Note to Reporters: Photos of Cyrano are available with this release at www.news.colostate.edu.
Cyrano, a 10-year-old long haired orange tabby cat, is recovering at home in Virginia after receiving treatment for bone cancer in his left rear leg at Colorado State University’s Animal Cancer Center. Cyrano is believed to be one of the first cats in the nation to undergo chemotherapy and radiation treatment for osteosarcoma.
Cyrano’s size – weighing in at 28 pounds – made it impossible for him to maintain a quality of life if veterinarians were to amputate his leg. Amputation is the typical treatment for cats with bone cancer, and, unfortunately, many cats are not treated for bone cancer while dogs often are.
Cyrano’s owner, Sandy Lerner, a co-founder of Cisco Systems, refused to accept a dim prognosis for Cyrano when he was diagnosed on March 9 after he began limping.
“Everyone told me we had to amputate Cyrano’s leg, but I did not think he would do well with three legs, given that he weighs 28 pounds, and my veterinarian agreed. I called several universities and spoke with four veterinarians and did a week of research. In the end, everyone said that if anyone could save Cyrano’s leg, it would be Dr. Withrow at the Animal Cancer Center,” Lerner said of Dr. Steve Withrow, director of the center. CSU’s Animal Cancer Center is the largest center of its kind in the world, seeing about 5,000 appointments for animals – mainly dogs and cats, but other four-legged friends as well – with cancer a year.
Soon after his arrival at CSU on March 11, Cyrano underwent a highly-specialized treatment at CSU called stereotactic radiosurgery, or SRS. This is a targeted treatment available on the Veterinary Teaching Hospital’s Varian Trilogy accelerator – the only radiation delivery machine of its kind at a veterinary hospital in the world. SRS is a treatment designed to precisely destroy tumors while preventing amputation and has been performed at CSU on 37 dogs, 100 percent of which exhibited complete eradication of the tumor site locally in follow-up analyses.
Cyrano, whom Lerner picked from a litter of barn cats on her farm when he was a kitten, was first given a whole-body CT scan, which indicated no metastasis from the leg site. He was then treated three times with SRS radiotherapy without complication and discharged the day after his final treatment. He also received the first dose of chemotherapy as an adjuvant to the SRS and is continuing treatment in Virginia. Since being home, he is “nearly back to his old self,” and Lerner wants his story to benefit other cat owners.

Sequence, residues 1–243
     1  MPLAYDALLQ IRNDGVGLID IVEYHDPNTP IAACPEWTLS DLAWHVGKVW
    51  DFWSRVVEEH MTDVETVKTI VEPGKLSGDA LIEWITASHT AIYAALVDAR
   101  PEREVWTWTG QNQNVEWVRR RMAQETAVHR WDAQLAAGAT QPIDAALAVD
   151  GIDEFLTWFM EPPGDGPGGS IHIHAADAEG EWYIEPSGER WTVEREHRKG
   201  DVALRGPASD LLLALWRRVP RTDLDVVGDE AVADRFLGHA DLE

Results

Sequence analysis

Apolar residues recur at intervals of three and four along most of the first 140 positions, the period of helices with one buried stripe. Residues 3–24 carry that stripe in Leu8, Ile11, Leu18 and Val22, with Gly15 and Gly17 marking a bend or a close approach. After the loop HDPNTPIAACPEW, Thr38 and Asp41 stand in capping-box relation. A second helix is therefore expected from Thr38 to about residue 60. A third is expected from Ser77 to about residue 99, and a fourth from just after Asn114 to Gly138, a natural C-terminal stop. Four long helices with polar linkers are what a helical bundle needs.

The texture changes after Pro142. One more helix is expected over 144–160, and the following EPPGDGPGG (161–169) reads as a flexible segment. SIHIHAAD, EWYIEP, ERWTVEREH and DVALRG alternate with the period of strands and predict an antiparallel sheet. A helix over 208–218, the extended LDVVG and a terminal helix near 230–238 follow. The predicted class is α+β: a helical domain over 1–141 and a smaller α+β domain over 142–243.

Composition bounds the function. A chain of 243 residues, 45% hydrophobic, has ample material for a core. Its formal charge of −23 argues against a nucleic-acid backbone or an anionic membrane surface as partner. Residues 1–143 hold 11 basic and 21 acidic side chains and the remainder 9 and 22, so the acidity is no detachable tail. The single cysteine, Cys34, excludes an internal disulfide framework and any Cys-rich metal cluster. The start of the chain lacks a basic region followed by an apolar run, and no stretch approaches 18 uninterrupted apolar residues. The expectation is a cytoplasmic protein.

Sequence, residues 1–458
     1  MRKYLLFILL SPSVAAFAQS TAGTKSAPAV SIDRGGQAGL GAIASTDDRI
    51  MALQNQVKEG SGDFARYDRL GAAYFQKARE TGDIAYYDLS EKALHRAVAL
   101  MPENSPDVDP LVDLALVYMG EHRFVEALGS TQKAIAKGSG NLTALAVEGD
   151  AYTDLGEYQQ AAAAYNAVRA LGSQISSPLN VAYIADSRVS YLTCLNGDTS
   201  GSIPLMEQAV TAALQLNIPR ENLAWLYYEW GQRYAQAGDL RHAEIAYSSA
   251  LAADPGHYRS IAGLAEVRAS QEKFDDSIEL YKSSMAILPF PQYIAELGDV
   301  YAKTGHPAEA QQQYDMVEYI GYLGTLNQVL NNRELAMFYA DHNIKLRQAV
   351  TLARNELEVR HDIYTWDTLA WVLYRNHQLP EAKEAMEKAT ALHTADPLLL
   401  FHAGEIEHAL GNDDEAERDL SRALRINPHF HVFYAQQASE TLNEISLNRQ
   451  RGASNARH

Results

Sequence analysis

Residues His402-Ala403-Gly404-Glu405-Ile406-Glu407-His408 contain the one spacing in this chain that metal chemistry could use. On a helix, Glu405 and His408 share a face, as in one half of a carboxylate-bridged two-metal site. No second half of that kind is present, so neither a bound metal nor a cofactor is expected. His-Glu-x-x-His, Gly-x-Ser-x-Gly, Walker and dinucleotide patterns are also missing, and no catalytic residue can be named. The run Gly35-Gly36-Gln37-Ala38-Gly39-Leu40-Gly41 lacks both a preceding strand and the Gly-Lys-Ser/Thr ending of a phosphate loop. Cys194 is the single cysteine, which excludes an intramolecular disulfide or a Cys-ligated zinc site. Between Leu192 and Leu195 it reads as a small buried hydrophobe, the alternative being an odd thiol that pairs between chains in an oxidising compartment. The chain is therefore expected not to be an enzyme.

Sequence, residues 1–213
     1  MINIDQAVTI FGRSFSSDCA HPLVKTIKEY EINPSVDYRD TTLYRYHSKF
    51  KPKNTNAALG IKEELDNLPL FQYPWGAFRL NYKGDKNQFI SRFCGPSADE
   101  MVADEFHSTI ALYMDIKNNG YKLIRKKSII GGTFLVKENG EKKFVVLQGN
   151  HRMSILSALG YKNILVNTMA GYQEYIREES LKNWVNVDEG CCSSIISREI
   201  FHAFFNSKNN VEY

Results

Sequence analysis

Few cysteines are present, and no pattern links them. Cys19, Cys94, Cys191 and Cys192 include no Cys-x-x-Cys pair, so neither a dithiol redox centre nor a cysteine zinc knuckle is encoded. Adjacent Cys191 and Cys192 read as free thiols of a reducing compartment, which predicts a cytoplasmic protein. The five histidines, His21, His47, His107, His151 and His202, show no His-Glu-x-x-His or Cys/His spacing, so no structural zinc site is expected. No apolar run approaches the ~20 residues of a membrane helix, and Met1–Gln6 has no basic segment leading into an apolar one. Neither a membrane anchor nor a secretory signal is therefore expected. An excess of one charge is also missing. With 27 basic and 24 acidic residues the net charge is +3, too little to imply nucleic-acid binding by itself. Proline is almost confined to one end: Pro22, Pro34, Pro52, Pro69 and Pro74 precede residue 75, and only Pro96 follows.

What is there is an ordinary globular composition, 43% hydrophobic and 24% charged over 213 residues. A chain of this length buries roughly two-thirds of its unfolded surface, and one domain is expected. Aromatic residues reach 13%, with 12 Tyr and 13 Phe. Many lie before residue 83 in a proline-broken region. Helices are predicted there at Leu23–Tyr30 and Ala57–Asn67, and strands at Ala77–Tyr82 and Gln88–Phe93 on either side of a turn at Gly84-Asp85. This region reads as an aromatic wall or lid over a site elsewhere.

“Why are so few cats treated for cancer when they often get more operable tumors? There is also no bone bank for cats, only dogs. Why? And, so much of the current cancer research is conducted on dogs – and some animal cancer treatments are only available to dogs, such as genetically targeted tumor therapy,” Lerner said. “I want other cat owners to understand that there are options for their pets with cancer other than amputation and euthanasia, and to advocate for those options with their veterinarians. Cancer therapy today uses both genotyping and immunotherapy, neither of which is available for pets, even though the human-model research for both treatment types was done on dogs, and we know that many of those treatments produced positive outcomes for the animals.”
Withrow said that national statistics reflect that fewer cats than dogs are treated when they develop cancer.
“It is not clear why there are more dogs than cats treated for cancer,” Withrow said. “For example, cats are only about 15 percent of the caseload here at the Animal Cancer Center. There are slightly more cats than dogs in the United States, but cancer is slightly more common in dogs and people than in cats. One possible reason is that cats are unique animals and cancer in cats does not always behave the same as cancer in dogs and people. On the other hand, the prognosis for a cat with cancer can be very positive, and bone cancer in cats — which is much rarer than bone cancer in dogs — is very curable.”
Cyrano’s treatment while at the Animal Cancer Center was under the supervision of Dr. Sue LaRue, radiation oncologist, Dr. Jamie Custis, radiation oncology resident and Dr. Jim Perry, medical oncology resident.
Cancer is the leading cause of death for pet dogs and cats in the United States; as many as 50 percent of cats and dogs die of cancer. Cancer in pets is often treatable with specialized medical intervention. Many of the same treatments that are available for humans are now available for pets, according to Withrow. These treatments include chemotherapy, radiation therapy and surgery. Not all cancers are the same and treatment options are dictated by the location and biologic behavior of the cancer.
Warning signs of cancer in a pet include persistent, abnormal lumps, bumps or swellings anywhere on the body; sores that do not heal; unexplained weight loss; loss of appetite or difficulty eating or swallowing; bleeding or discharge from any body opening; an offensive odor; hesitation to exercise or loss of stamina; persistent lameness; or difficulty urinating, defecating or breathing.